'Better Call Saul' Season 3: TV Review

Courtesy of AMC
Better watch.

An already superb AMC drama gets even better as the surprisingly sad evolution of Jimmy McGill into Saul Goodman continues.

The most surprising element in AMC's wonderful drama Better Call Saul, which returns for its third season on Monday, is not how the sad-sack comic foil Saul Goodman of Breaking Bad came to be, but the humanity that series creators and writers Vince Gilligan and Peter Gould have found in the evolution of Jimmy McGill (Bob Odenkirk) as they mine the pre-life of Saul.

What Gilligan and Gould have done is take one of the funnier characters in the bleak Breaking Bad world and, instead of spotlighting his ridiculous side, relentlessly focus on the outside forces that took a flawed but well-meaning and empathetic man and battered him into change.

Of course the duo followed a similar, parallel track with the original series, famously desiring, in the words of Gilligan, to take "Mr. Chips and turn him into Scarface." There has never been anything like that process on television before — taking your likeable main character, Walter White (a beaten-down chemistry teacher with inoperable lung cancer, a pregnant wife and a teenage son with cerebral palsy), and turning him into a sociopath, letting the audience battle its early feelings of love and support for him as they try to process what he has become.

It was, quite simply, audacious.

In Better Call Saul, the entire concept is turning Jimmy McGill into Saul Goodman, and the aforementioned surprise at how nice Jimmy was and how focused he was on doing the right thing (with what he perceived as a few ethically dubious so-what shortcuts in the name of the greater good) has been absorbing in its slow turns.

As season three kicks off (the first two episodes were sent to critics), what stands out is the quickened pace of Jimmy's downfall. Now, it may take a full season or more for Gilligan and Gould to get to full-Saul, but the path is clear and, not surprisingly, mostly fueled by Jimmy's own brother, Chuck (Michael McKean). There are a lot of root causes here. Chuck is the smarter, better lawyer who worked so hard to get where he is. There's family jealousy. And there undoubtedly are more reasons percolating (the short of it being that Chuck is kind of a jerk).

And while I had issues with the development of Chuck in the first season of Better Call Saul, he was a total revelation in the second, and McKean's performance was outstanding. There is a scene, at the end of the second episode of this new season, where the actor has never been better, speaking volumes for his character with just a look that Gilligan (who directs the first two episodes) wisely lingers on. The look is crushing and revelatory and spot-on perfect. McKean really needs to be in the Emmy discussion.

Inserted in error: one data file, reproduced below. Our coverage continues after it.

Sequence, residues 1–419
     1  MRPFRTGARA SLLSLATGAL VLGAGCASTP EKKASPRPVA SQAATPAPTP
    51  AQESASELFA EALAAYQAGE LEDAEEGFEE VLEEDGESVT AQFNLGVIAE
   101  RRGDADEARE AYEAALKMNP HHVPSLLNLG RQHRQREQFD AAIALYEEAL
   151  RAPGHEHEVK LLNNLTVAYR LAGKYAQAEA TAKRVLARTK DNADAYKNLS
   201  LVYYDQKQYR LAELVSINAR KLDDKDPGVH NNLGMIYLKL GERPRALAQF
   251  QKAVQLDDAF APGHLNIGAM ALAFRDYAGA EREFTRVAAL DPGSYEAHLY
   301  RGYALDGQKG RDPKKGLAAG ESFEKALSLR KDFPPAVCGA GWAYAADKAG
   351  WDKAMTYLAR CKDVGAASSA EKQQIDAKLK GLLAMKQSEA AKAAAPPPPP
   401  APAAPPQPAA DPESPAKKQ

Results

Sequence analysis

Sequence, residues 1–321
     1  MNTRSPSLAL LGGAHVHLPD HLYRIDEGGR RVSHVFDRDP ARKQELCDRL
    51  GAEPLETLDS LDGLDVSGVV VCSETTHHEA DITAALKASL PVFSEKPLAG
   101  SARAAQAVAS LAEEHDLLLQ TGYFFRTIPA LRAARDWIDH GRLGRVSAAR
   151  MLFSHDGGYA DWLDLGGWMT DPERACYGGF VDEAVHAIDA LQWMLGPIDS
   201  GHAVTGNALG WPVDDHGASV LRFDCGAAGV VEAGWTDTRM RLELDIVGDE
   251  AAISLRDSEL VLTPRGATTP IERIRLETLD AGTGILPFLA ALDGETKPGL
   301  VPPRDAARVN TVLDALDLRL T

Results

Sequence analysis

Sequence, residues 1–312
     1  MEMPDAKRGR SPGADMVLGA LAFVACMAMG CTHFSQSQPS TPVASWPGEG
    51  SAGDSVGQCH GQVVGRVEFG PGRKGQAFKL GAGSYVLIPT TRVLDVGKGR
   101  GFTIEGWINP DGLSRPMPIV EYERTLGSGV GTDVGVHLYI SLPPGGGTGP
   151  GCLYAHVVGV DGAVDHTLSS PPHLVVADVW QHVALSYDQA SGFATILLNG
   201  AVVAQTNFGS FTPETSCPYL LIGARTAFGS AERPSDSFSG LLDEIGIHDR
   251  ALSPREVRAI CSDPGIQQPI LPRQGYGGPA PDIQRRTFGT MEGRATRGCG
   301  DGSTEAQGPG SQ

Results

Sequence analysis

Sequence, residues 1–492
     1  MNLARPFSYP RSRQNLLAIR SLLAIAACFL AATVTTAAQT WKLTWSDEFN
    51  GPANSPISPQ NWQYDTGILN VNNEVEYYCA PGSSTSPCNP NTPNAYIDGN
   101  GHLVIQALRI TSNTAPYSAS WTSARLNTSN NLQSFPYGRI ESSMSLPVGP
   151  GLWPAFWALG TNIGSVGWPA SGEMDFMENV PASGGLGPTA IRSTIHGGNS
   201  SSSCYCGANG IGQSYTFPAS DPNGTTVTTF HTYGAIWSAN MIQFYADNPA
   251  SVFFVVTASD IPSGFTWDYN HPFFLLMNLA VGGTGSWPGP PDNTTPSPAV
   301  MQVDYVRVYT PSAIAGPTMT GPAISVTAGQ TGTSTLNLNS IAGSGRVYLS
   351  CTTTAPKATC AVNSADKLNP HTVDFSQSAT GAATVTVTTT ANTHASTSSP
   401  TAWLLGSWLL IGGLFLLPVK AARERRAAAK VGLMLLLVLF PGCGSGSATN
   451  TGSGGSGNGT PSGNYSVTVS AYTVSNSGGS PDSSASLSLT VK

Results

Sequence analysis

Obviously the same is true for Odenkirk, who has in fact been nominated for his fine work but often seems to be in the outlier position that many comic actors find themselves in as they take on (and even nail) more dramatic roles. But at this point, it's going to be very hard to count Odenkirk out of the serious contender position because the cumulative power of Jimmy's character shift — the utter sadness and unfairness of it all — is directly rooted in Odenkirk's ability to convey it so dolefully. Just in these first two episodes of season three, the weight of Jimmy's eventual turn is all over Odenkirk's face. It's truly something to behold, and brings a surprisingly downbeat mood to Saul.

But if the vast improvement evident in season two of this series proved anything, it was that Gilligan and Gould knew enough to build a broader world for the series beyond just Jimmy (who, in fairness, had to dominate the first season). Developing compelling stories, like the backstory of fellow Breaking Bad character Mike Ehrmantraut (Jonathan Banks), was central because it gave Better Call Saul more layers and kept a connection to the grittier side of things that fueled Breaking Bad.

The same can be said for the involvement of Rhea Seehorn as fellow lawyer and Jimmy's love interest Kim Wexler. As McKean's Chuck was branching out in season two, so were these others (and, honestly, there was a welcome and surprising inclusion of Patrick Fabian as Howard Hamlin — one of my favorite underrated performers).

Season three stands to benefit from this growth (add Michael Mando's Nacho to the group) and will no doubt reach new heights now that AMC and everybody on this series decided to reveal that Giancarlo Esposito was returning as Gus Fring. It was always noted by Gilligan and Gould that Breaking Bad characters would return, some bigger than others, but the decision to really promote the reappearance of Gus and not keep it a secret was smart (though it certainly seems, as they do the reveal in this third season, that they wanted it to be a surprise, which slightly undercuts the actual scene).

The larger point is that, with all this character growth continuing, the already superb Better Call Saul is in a position to take its biggest creative leap yet. It's not a surprise that we will eventually get to Jimmy McGill becoming Saul Goodman, but it's certainly surprising just how heartbreaking that transformation has become.

Cast: Bob Odenkirk, Michael McKean, Jonathan Banks, Rhea Seehorn, Patrick Fabian, Michael Mando, Giancarlo Esposito
Created by: Vince Gilligan, Peter Gould 
Premieres: Monday, 10 p.m. ET/PT (AMC)